Isometric Strength Data
Elbow flexion strength was measured with the subject standing upright, elbow flexed at 90 degrees, and forearm supinated (Figure 2). While maintaining this posture, the subject performed maximal isometric elbow flexion for 5 seconds against a stirrup-shaped handle grasped in the hand. The handle was firmly bolted to the floor with an adjustable chain, which was fitted with a load cell (MLP-300, Transducer Technology, Temecula, California, USA) to measure the force exerted by the subject. Elbow extension strength testing was similar with 2 exceptions: (a) the handle-chain system was hung from a rigid overhead beam, and (b) force was applied downward with the forearm in pronation.
Force data, collected at 100 Hz by the load cell, were passed through a 12-bit AtoD converter (Type 9243, A-Tech Instruments Ltd., Toronto, Canada) before being recorded on a computer. Data were imported into a custom-designed Matlab (Mathworks Inc., Natick, Massachusetts, USA) program to determine the strength scores. Force data were passed through a second-order zero-lag low-pass Butterworth filter with a cut-off frequency of 6 Hz. Strength scores were calculated by averaging the highest 100 discrete bits of digital force data. Force values were digitally stored every 0.01 seconds, so this represented the best noncontiguous second of force application by the subject. Typically, subjects generated their peak force approximately 2 seconds from the start of the contraction, and the highest 100 force values clustered closely to this time point.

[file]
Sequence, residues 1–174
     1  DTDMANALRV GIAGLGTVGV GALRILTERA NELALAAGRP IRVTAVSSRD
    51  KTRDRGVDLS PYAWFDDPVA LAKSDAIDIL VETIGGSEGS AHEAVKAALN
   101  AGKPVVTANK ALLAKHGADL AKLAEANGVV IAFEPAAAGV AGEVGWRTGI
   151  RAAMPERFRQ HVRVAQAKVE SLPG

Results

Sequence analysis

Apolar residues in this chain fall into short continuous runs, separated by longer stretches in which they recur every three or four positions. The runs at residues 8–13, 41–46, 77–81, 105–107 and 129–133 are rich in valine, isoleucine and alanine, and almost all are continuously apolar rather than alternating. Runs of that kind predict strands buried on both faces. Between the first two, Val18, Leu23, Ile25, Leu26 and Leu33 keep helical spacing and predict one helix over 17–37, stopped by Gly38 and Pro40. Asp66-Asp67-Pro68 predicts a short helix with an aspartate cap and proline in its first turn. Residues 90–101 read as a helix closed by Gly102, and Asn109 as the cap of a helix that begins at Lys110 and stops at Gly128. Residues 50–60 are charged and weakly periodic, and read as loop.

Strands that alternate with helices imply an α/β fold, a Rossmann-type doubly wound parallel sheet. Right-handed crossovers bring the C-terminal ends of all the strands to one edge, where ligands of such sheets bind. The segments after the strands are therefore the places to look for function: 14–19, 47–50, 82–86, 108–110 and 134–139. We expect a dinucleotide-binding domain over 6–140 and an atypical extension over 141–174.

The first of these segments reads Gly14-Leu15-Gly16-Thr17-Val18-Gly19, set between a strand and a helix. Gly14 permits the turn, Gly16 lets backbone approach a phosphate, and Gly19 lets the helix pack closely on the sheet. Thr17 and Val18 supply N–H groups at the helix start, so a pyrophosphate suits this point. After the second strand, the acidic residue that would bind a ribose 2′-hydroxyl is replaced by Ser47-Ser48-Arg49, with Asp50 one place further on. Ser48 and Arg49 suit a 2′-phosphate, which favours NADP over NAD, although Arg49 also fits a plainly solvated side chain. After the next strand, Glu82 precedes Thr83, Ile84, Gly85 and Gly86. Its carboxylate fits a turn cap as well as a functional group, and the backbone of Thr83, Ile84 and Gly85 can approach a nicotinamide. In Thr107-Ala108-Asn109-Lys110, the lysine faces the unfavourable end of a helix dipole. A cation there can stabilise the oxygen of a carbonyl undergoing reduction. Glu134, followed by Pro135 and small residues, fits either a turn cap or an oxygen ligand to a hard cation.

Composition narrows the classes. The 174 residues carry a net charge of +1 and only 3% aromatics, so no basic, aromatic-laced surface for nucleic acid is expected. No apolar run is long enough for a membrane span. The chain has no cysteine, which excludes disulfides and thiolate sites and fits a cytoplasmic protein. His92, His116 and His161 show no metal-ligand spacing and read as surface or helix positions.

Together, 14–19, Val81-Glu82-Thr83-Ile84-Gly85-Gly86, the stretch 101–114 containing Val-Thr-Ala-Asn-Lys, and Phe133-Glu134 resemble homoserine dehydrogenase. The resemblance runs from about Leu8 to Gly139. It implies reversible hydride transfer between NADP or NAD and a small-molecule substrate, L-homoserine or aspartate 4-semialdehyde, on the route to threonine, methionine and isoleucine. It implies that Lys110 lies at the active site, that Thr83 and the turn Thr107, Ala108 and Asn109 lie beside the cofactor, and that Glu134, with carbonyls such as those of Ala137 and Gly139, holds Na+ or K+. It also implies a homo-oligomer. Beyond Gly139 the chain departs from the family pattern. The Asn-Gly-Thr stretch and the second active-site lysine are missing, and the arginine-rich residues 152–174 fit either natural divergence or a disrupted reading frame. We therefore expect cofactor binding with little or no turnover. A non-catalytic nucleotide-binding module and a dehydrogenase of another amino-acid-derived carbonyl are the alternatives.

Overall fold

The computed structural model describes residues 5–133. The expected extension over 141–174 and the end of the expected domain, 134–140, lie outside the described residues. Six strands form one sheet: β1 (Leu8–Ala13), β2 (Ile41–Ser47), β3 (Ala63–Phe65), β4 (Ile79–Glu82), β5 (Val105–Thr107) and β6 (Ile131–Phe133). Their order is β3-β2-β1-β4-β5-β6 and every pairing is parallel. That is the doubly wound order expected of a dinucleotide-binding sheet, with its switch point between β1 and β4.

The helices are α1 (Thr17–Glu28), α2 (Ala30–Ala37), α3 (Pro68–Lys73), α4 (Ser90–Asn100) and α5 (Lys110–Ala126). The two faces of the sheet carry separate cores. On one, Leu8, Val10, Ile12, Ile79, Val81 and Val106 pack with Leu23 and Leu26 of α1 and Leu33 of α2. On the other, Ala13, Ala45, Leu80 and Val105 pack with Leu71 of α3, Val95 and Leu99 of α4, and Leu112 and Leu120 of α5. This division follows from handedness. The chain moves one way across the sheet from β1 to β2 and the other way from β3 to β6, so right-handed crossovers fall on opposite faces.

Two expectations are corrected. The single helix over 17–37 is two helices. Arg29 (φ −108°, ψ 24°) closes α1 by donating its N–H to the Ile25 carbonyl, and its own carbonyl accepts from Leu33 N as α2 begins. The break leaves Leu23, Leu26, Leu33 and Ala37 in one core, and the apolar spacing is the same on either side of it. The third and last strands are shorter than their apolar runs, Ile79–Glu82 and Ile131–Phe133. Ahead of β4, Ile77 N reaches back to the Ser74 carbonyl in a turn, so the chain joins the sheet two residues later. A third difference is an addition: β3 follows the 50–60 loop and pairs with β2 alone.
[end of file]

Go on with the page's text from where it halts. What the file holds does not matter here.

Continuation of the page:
EMG data were obtained, during all strength tests previously described, from 2 Delsys DE-2.3 single differential surface EMG electrodes (silver, 1-mm diameter, 10-mm interelectrode distance). One electrode was placed on the belly of the biceps brachii approximately midway between the glenohumeral joint and the antecubital space. The second electrode was placed over the lateral head of the triceps brachii (Figure 2) (4,14). Indelible ink was used to mark the location and position of the electrodes during the pre-test and to re-mark throughout the training protocol to ensure consistent placement at post-test. The reference electrode was placed over the lateral malleolus of the left ankle. EMG data were also collected under an additional cocontraction condition. While in the flexor strength testing posture (without grasping the handle), subjects were instructed to maximally contract both the elbow flexors and extensors simultaneously. However, the 90-degree elbow angle was maintained throughout the cocontraction to reduce the likelihood of the electrodes recording activity from a different section of the underlying muscle. This condition was included to determine if the magnitude of muscular activity generated during a cocontraction improved after training.
The raw EMG data were passed through a second-order band-pass Butterworth filter with cut-off frequencies set at 20 Hz and 500 Hz (7). The filtered EMG signal was used to calculate the root-mean-square (RMS) amplitude of the EMG activity (1). Peak RMS values were then determined and used as the subjects' EMG score. All EMG data conditioning was accomplished in a custom-designed Matlab (Mathworks Inc.) program. For flexion strength tests, only biceps EMG were analyzed, and during extension strength tests, only triceps EMG data were analyzed. During the cocontraction condition, EMG data were analyzed from both muscles.